Authenticity. You keep using that word. I do not think it means what you think it means.
In fact, I’m pretty sure a lot of us are confusing authenticity with integrity. Or even if we’re not, we’re putting the emphasis on the wrong quality.
Authenticity is about being real. But real-ness isn’t the issue. When we’re going around urging people to be authentic, we’re not asking them to be real. People, and the organizations they run and serve, arereal.
We just might not like them or the way they operate very much. In those cases, “be authentic” means “be different”—and therefore, not authentic. You are authentic, no matter what you do. So let’s take that one off the table, shall we?
What about transparency? Transparency itself used to be a choice: you either were or you weren’t transparent. But now the choice is between active and passive transparency: Will you reveal your code of operations, or will it be revealed for you? We may wish for someone (or something) to make a different choice there, but really, that one’s all about making it easier on us.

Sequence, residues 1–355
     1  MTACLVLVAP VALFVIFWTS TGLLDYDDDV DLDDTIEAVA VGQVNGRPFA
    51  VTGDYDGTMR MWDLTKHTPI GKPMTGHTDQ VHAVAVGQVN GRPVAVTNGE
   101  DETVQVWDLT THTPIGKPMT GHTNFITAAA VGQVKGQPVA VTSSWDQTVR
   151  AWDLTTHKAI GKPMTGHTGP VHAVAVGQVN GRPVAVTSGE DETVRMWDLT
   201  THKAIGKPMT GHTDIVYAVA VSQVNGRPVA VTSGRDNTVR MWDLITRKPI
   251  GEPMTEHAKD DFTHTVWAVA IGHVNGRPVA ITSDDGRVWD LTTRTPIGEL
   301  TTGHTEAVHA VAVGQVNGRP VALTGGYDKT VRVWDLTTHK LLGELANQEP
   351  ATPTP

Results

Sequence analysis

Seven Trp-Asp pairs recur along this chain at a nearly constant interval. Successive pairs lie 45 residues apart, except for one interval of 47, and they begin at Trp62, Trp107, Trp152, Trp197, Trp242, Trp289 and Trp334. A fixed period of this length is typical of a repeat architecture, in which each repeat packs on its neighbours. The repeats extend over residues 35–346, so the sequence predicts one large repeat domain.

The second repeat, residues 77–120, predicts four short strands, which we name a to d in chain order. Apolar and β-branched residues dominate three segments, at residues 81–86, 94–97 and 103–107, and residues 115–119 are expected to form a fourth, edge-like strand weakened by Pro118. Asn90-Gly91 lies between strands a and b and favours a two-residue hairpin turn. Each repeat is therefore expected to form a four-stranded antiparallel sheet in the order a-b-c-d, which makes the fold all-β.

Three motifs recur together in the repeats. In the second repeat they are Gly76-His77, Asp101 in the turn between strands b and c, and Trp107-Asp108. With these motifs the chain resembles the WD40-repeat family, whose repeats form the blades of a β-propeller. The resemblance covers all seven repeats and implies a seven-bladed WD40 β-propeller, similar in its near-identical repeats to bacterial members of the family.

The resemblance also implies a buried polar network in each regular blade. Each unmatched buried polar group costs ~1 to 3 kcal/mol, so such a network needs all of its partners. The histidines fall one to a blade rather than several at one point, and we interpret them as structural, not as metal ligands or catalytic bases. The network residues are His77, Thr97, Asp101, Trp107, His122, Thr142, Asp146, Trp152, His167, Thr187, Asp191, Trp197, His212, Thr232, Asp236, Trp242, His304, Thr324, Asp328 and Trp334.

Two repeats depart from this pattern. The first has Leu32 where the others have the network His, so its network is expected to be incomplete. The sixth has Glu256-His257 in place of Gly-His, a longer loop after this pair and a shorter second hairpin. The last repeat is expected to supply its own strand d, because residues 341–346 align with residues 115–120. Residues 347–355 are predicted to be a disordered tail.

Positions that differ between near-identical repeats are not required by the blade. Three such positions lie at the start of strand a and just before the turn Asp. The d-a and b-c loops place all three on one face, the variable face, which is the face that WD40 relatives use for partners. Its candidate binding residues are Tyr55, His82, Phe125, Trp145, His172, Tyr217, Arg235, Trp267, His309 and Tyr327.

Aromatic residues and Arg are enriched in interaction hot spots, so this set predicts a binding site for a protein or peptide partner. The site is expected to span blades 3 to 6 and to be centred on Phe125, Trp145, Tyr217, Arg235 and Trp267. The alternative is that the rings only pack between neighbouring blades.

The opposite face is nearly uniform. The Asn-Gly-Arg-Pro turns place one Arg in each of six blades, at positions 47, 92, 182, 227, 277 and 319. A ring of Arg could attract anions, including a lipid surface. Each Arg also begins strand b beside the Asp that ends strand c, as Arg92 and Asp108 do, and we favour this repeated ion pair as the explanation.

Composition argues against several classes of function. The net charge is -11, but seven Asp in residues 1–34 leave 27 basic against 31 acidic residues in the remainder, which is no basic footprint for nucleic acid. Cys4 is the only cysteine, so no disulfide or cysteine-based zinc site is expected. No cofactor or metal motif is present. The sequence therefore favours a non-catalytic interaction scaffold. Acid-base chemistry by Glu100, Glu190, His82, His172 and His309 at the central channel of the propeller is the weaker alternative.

What I think we really want is for people and organizations to act with integrity. Integrity is about honesty. Or at the very least, it’s about consistently following a (predictable) moral or ethical code.
And that, I think, is what we’re after: we want people and organizations to behave predictably. But the tricky thing is, we want people and organizations to act predictably in a way we agree with. When faced with a code we don’t agree with, it makes us uncomfortable, even angry, and rightly so.
So how do these three interact? I can’t say it better than @SueSpaight already did:
You can be transparent and authentic, and still have no integrity. Integrity is the highest order.
Now the question is, are we comfortable with the judgment that entails?
Note: this post originally appeared on ‘Round the Square.